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Funeral Blues

By: W. H. Auden

Excerpt: Stop all the clocks, cut off the telephone, Prevent the dog from barking with a juicy bone, Silence the pianos and with muffled drum Bring out the coffin, let the mourners come. Let aeroplanes circle moaning overhead Scribbling on the sky the message....

Table of Contents: Funeral Blues, 1 -- W. H. Auden, 1

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The Darling and Other Stories

By: Anton Pavlovich Chekhov

Excerpt: OLENKA, the daughter of the retired collegiate assessor, Plemyanniakov, was sitting in her back porch, lost in thought. It was hot, the flies were persistent and teasing, and it was pleasant to reflect that it would soon be evening. Dark rainclouds were gathering from the east, and bringing from time to time a breath of moisture in the air....

Table of Contents: The Darling and Other Stories, 1 -- Anton Chekhov, 1

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Shoes Make the Man

By: Harold A. Davis

Excerpt: JOE McCARTHY knew that he was too good?natured. He had always been that way, He blamed it on his size. Even when he?d been a kid, he?d been extra large for his age. Not being of the bullying type, he?d learned to shrug and smile when youths smaller than ......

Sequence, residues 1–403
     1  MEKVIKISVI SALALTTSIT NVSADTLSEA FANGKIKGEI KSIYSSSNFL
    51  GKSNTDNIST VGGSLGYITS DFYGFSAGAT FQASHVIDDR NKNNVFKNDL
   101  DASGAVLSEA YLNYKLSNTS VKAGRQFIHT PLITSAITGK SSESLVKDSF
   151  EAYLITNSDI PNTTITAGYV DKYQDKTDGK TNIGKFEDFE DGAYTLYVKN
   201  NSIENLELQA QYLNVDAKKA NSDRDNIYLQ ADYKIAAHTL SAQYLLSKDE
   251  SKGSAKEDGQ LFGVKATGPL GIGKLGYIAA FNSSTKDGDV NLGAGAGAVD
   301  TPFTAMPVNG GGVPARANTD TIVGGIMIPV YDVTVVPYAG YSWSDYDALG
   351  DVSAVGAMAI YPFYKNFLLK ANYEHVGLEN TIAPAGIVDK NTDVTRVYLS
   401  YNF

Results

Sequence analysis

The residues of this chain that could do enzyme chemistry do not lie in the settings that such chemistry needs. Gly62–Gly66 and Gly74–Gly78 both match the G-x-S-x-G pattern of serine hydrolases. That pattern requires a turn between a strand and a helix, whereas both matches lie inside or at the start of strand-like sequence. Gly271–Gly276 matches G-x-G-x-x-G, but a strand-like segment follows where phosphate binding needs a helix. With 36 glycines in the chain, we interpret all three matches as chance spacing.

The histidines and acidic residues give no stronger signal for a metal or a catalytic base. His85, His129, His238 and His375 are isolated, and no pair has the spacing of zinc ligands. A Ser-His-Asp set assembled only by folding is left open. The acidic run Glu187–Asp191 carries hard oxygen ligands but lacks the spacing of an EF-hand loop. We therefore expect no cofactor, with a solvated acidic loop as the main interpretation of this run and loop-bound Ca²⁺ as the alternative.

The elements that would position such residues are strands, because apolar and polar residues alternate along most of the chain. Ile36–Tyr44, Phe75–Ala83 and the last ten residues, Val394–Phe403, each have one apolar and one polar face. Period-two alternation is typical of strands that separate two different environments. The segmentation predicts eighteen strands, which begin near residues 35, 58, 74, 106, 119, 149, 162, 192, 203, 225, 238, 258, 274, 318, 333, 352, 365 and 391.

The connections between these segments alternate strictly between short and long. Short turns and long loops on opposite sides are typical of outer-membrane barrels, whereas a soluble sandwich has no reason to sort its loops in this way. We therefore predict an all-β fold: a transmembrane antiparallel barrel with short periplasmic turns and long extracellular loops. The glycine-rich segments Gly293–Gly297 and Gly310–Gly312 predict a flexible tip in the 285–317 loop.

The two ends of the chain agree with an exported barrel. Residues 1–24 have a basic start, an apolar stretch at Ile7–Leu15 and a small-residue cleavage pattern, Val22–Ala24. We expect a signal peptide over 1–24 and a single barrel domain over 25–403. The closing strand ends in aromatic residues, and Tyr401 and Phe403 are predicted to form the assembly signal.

Table of Contents: SHOES MAKE THE MAN, 1 -- HAROLD A. DAVIS, 1

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Dracula's Guest

By: Bram Stoker

Excerpt: When we started for our drive the sun was shining brightly on Munich, and the air was full of the joyousness of early summer. Just as we were about to depart, Herr Delbruck (the maitre d'hotel of the Quatre Saisons, where I was staying) came down bareheaded to the carriage and, after wishing me a pleasant drive, said to the coachman, still holding his hand on the handle of the carriage door, ?Remember you are back by nightfall. The sky looks bright but there is a shiver in the north wind that says there may be a sudden storm. But I am sure you will not be late.? Here he smiled and added,?for you know what night it is....

Table of Contents: DRACULA'S GUEST, 1 -- Bram Stoker, 1

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Inferno/Hell

By: Alighieri, Dante, 1265-1321

Excerpt: It is a happiness for me to connect this volume with the memory of my friend and master from youth. I was but a beginner in the study of the Divine Comedy when I first had his incomparable aid in the understanding of it. During the last year of his life he read the proofs of this volume, to what great advantage to my work may readily be conceived....

Table of Contents: Inferno/Hell, 1 -- Dante Aligheri, 1 -- Introduction, 4 -- AIDS TO THE STUDY OF THE DIVINE COMEDY, 8 -- HELL, 9 -- Canto I, 9 -- Canto II, 10 -- Canto III, 12 -- Canto IV, 13 -- Canto V, 15 -- Canto VI, 16 -- Canto VII, 18 -- Canto VIII, 19 -- Canto IX, 21 -- Canto X, 22 -- Canto XI, 24 -- Canto XII, 26 -- Canto XIII, 28 -- Canto XIV, 30 -- Canto XV, 32 -- Canto XVI, 34 -- Canto XVII, 36 -- Canto XVIII, 38 -- Canto XIX, 39 -- Canto XX, 42 -- Canto XXI, 44 -- Canto XXII, 46 -- Canto XXIII, 47 -- Canto XXIV, 49 -- Canto XXV, 51 -- Canto XXVI, 53 -- Canto XXVII, 55 -- Canto XXVIII, 57 -- Canto XXIX, 59 -- Canto XXX, 61 -- Canto XXXI, 63 -- Canto XXXII, 65 -- Canto XXXIII, 67 -- Canto XXXIV, 70 -- Inferno/Hell -- i...

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Mr. Gilfil's Love Story

By: George Eliot